Did you know there is a new rule in Texas driving? It's called "move over/slow down" and was implemented in 2003. It requires drivers passing emergency vehicles to move over one lane and slow down to 20 mph below the posted speed limit. It also explicitly prohibits drivers from reverse driving on freeways. You must yield to emergency vehicles, not try to move into their lane. And finally, you must never go over the speed limit - even in your own lane.
Leaving the scene of an accident is now considered a felony of the second degree, or "intoxicated manslaughter." It carries a two to twenty year jail term and a fine of $10,000. In addition to the new penalties, the Texas DPS wants to send the message that leaving an accident scene is even worse than driving under the influence. So how can you avoid these penalties? One of the easiest ways is to never drink and drive.
A new law is aimed at making distracted drivers more careful. Drivers who hit pedestrians while distracted will face state jail time and fines. But there's an alternative to incarcerating these drivers: peer-to-peer car sharing. With these programs, drivers and owners can connect with each other and share a car for a small fee. It's important to be aware of this new rule before driving.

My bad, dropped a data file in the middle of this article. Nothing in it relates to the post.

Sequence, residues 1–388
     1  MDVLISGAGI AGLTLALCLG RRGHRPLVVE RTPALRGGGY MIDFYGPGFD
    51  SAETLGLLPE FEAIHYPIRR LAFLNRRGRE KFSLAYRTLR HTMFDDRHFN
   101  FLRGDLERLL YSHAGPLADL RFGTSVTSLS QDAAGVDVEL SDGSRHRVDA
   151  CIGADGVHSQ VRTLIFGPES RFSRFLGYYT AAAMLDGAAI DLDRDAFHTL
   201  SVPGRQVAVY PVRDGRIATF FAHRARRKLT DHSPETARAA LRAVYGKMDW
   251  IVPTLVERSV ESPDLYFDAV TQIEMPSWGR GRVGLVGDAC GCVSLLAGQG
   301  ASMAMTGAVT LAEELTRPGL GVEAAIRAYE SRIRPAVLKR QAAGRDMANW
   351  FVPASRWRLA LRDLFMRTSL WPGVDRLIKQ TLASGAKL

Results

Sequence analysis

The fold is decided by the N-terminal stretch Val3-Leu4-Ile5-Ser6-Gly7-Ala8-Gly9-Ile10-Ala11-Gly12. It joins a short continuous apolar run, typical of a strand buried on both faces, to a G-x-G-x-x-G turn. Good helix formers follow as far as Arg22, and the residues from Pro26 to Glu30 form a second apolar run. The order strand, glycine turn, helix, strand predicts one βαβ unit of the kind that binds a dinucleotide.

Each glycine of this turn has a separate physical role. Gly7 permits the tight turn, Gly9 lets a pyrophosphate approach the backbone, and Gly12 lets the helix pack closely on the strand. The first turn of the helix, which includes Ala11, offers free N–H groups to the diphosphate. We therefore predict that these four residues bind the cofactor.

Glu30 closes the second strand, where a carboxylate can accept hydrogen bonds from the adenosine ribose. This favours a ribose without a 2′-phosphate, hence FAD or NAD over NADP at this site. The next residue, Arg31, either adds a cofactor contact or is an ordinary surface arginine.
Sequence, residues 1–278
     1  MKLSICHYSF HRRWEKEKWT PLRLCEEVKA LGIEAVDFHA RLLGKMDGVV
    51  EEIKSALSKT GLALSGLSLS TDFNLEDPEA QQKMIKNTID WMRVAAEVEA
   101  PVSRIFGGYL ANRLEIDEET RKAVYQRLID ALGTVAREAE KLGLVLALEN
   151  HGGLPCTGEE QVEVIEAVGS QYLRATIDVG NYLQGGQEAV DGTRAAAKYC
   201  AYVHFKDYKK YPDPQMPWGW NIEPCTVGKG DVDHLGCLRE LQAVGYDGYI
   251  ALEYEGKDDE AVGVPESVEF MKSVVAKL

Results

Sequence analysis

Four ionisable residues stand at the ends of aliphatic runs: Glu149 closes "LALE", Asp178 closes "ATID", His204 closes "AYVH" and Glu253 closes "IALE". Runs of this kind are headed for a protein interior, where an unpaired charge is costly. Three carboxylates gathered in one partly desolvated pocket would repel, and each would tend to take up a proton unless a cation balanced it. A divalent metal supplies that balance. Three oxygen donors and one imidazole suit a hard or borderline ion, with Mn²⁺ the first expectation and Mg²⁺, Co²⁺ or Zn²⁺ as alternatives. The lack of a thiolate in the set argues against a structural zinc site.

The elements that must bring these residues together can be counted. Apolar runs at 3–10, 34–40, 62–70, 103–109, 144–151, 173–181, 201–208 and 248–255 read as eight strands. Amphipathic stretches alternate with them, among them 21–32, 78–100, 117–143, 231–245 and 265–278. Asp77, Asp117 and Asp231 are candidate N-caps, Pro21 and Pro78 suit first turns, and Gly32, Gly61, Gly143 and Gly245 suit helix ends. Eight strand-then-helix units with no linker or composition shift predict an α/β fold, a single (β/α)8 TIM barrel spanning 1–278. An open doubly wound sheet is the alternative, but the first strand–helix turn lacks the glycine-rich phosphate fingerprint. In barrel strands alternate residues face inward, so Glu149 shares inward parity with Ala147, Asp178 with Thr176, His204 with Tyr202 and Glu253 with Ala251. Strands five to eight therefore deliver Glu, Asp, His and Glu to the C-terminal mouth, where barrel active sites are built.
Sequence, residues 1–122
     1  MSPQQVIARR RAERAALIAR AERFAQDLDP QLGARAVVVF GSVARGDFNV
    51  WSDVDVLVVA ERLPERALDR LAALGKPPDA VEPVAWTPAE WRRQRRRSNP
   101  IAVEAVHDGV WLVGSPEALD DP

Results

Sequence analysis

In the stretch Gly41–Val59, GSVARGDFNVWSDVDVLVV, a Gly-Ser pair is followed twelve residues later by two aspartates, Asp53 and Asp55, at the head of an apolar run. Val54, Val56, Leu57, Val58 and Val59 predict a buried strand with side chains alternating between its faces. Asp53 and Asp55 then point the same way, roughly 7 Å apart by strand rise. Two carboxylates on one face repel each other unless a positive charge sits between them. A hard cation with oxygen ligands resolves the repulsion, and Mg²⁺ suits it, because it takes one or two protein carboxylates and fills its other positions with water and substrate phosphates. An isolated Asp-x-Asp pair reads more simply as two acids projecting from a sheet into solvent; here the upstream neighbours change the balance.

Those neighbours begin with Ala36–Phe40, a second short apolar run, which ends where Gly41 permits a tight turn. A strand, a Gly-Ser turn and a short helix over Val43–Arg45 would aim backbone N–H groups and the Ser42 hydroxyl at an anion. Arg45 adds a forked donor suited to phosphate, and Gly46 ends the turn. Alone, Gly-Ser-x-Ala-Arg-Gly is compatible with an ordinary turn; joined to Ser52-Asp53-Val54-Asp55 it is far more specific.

While a driver can still make a left or right turn on a red light, Texas drivers can no longer display an inspection sticker on their windshields. Still, drivers must pass a state inspection to keep their car roadworthy. State inspection sites still check tires, lights, and wipers to ensure the car is safe. These changes are expected to save the state $2 million dollars in materials. So, how can you make safe driving decisions?
One new rule in Texas driving is aimed at reducing distracted driving. Texting while driving is illegal in most cities, but the new law doesn't apply to drivers who are not yet 18 years old. However, drivers who are under 18 are still prohibited from using handheld cell phones for six months. Drivers who are under 18 years old can't use any devices if they're driving under the age of 18.
If you're a student driver, you should take a driver education course. It's a great way to stay updated on the latest Texas traffic laws. But be warned: driving under the influence of alcohol can lead to serious consequences, especially when you're a student. If you don't take the time to learn about these laws, you'll likely end up in trouble. So, what are you waiting for? Take a driver education course today to get ahead of the game!
HB3990 also aims to address the problem of right-angle crashes in Texas. The bill requires law enforcement officers to report non-signaled intersections to TxDOT, which is responsible for the intersection's unsafe condition. TxDOT must then do a thorough traffic study, improve the safety of the intersection, and file a report on the intersection. It's not uncommon for teens to make the mistake of driving while distracted.